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Accuracy of calculated arterial saturation in oxygen in neonatal foals and effects of monitor, sensor, site of sensor placement, and degree of hypoxemia on the accuracy of pulse oximetry
- Giguère, Steeve, Sanchez, L. Chris, Shih, Andre
- Journal of veterinary emergency and critical care 2014 v.24 no.5 pp. 529-535
- ears, foals, hemoglobin, isoflurane, monitoring, oxygen, reflectance, tongue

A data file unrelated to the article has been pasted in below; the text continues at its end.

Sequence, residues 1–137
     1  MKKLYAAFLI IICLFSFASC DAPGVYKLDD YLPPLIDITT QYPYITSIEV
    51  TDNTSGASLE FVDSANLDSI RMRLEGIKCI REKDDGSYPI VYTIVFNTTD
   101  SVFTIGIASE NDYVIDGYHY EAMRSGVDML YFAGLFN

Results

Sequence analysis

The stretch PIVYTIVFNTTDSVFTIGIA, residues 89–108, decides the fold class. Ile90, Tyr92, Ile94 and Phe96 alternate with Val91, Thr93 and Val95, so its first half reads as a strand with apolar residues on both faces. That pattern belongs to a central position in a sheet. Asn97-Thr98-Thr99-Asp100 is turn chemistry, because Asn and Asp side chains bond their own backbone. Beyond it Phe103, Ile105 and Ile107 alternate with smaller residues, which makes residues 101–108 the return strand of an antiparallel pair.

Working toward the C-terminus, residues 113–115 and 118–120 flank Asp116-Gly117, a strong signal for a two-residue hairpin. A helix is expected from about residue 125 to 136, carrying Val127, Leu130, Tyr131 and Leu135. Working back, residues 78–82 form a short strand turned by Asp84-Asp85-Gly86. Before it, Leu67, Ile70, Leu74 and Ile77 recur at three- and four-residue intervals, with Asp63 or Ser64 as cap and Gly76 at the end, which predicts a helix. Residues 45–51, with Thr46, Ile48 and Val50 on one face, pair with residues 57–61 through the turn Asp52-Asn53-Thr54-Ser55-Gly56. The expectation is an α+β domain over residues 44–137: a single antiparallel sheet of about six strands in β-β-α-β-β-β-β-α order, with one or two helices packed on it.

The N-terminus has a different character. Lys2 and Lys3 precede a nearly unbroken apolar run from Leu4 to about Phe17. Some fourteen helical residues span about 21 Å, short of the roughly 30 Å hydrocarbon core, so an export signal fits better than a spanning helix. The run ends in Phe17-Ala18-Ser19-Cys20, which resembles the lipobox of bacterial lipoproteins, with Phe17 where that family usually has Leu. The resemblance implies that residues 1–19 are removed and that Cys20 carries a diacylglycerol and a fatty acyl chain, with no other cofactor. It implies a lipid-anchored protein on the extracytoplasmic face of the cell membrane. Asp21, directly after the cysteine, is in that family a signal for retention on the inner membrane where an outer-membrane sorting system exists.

- OBJECTIVES: To (1) assess the agreement between calculated values for arterial hemoglobin saturation of oxygen (SaO₂) and values obtained by co‐oximetry, (2) assess the accuracy of 2 pulse oximetry monitors for measurement of SaO₂ in foals, and for each monitor, and (3) determine the optimal combination of sensor type and site of sensor placement for SaO₂ monitoring. DESIGN: Prospective experimental study. SETTING: University teaching hospital. ANIMALS: Six neonatal foals. INTERVENTIONS: Foals were anesthetized with isoflurane and SaO₂ was manipulated by varying the inspired fraction of oxygen. SaO₂ was calculated from oxygen tension or measured by pulse oximetry using 2 monitors equipped with transmission or reflectance sensors attached to the foal's tongue, lip, ear, or inserted rectally (reflectance sensor only). SaO₂ values measured by co‐oximetry were used as the gold standard to calculate bias. MEASUREMENTS AND MAIN RESULTS: Mean (±SD) SaO₂ determined by co‐oximetry was 65.2% ± 11.8%, 85.4% ± 2.5%, and 97.2% ± 0.4% at the low, intermediate, and high SaO₂ level, respectively. Sensors attached to the ear failed to provide SaO₂ readings for most attempts. Reflectance sensors placed on the lip or rectally gave significantly larger biases at low SaO₂ (−17.0% and −23.6%, respectively) than at higher levels. Bias of all other combinations of monitors, sensors, and sites (−1.8 to −4.1%) was not significantly influenced by the level of SaO₂ or different from each other. The bias of calculated saturation was similar to that of pulse oximetry. CONCLUSIONS: Transmission sensors placed on the lip or tongue or reflectance sensors placed on the tongue give the most accurate assessment of SaO₂ in anesthetized neonatal foals. Calculated saturation is not more accurate than pulse oximetry to estimate SaO₂.